Insulin Pathway

  • Miran Kim
  • Jack R. WandsEmail author


Insulin is the principal hormone controlling blood glucose levels. Insulin stimulates the uptake of glucose, and amino and fatty acids into cells, and increases the expression and/or activity of enzymes that enhance glycogen, lipid and protein synthesis, while inhibiting the activity or expression of those enzymes that catalyze the degradation of glycogen [1]. The increase in circulating insulin levels stimulates glucose transport into peripheral tissues and inhibits hepatic gluconeogenesis. Decreased secretion of insulin coupled with tissue resistance results in type 2 diabetes and is also associated with central obesity, hypertension, polycystic ovarian syndrome, dyslipidemia, and atherosclerosis. In addition, insulin has a role as a hepatotrophic factor and promotes hepatocyte proliferation, although the mechanisms by which it stimulates liver growth are not completely understood. At the cellular level, insulin action is characterized by diverse effects, including changes in vesicle trafficking, stimulation of protein kinases and phosphatases, promotion of cellular growth and differentiation, as well as activation or repression of gene transcription [2, 3]. The stimulation of the insulin/insulin receptor substrate-1 (IRS-1) system activates a number of intracellular signaling cascades that ultimately lead to important downstream biologic effects critical for cell function (Fig. 15.1). This complexity of cellular actions implies that insulin stimulation must involve multiple signaling pathways that diverge at or near the activation of receptor tyrosine kinase. Indeed, it is likely that even individual effects of the hormone require the activities of multiple signaling cascades. Although understanding of the signal transduction pathways that underlie insulin’s major physiologic effects is still incomplete, remarkable advances have occurred in the last decade. It is now clear that activation of insulin receptor tyrosine kinase, acting through the insulin receptor substrate (IRS) proteins as multisite docking molecules, creates binding sites that enable the IRSs to recruit and activate multiple, independent intracellular signal generators [4]. In this chapter, we discuss some of the known structural and functional features of the insulin receptor and IRS proteins and focus on recent advances in the understanding of the role of IRS proteins in insulin signaling effects. We will summarize the evidence regarding the potential role of IRS-1 in the pathogenesis of hepatocellular carcinoma (HCC) and explore insulin action on hepatocyte proliferation and liver development in the setting of chronic ethanol abuse.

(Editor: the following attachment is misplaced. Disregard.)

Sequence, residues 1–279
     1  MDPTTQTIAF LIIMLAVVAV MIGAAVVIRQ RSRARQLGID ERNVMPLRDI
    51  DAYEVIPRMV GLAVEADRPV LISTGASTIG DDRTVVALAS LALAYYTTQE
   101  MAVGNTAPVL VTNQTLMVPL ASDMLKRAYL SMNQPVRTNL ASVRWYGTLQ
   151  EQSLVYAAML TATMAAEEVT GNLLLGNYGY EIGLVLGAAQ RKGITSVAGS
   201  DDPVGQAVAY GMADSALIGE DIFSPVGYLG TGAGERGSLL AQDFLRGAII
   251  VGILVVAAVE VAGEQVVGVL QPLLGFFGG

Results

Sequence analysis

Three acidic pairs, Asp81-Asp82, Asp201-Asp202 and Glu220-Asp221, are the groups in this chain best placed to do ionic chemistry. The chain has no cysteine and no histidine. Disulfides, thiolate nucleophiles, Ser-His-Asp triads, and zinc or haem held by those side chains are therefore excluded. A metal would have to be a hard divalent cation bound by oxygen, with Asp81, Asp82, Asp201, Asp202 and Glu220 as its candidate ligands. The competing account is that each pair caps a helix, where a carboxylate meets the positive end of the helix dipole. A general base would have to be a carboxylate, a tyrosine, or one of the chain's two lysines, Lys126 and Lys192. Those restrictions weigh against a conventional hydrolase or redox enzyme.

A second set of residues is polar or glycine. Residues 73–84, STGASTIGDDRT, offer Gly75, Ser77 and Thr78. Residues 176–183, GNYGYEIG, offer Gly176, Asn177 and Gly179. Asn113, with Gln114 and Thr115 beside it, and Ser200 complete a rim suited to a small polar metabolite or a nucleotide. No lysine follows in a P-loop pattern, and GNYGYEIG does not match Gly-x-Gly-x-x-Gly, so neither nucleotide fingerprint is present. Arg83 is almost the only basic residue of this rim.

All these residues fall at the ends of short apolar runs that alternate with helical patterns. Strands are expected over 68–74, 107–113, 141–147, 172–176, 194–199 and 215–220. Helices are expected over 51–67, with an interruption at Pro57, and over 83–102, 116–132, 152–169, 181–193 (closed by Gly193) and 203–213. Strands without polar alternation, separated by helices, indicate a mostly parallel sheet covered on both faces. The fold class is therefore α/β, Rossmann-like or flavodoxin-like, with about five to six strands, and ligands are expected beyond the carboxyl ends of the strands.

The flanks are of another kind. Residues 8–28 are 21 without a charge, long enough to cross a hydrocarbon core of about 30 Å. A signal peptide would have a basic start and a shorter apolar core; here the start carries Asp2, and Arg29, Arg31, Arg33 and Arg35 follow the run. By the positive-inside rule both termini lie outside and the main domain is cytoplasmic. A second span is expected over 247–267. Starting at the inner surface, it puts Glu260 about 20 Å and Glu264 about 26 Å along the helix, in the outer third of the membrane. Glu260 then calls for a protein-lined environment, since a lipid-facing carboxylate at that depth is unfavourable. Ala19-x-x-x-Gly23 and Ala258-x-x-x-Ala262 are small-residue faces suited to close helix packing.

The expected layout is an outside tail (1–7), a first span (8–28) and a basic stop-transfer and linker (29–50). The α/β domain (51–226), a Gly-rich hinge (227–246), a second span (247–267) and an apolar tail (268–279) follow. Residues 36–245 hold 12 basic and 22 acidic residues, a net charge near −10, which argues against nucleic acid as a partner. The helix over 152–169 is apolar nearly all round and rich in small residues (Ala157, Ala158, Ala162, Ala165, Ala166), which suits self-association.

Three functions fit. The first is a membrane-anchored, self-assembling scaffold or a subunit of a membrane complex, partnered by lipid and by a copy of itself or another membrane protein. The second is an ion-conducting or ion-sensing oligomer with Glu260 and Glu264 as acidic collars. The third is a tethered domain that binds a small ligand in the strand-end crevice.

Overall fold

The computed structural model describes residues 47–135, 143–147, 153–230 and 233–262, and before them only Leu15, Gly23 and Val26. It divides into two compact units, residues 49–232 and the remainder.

Growth Hormone Insulin Receptor Insulin Signaling Insulin Receptor Substrate Microsomal Triglyceride Transfer Protein 
These keywords were added by machine and not by the authors. This process is experimental and the keywords may be updated as the learning algorithm improves.



This work was supported in part by NIH grants CA-35711 AA-02666 (JRW) and COBRE RR-­P20RR017695 (MK).


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Copyright information

© Springer-Verlag Berlin Heidelberg 2010

Authors and Affiliations

  1. 1.The Liver Research CenterAlpert Medical School of Brown UniversityProvidenceUSA

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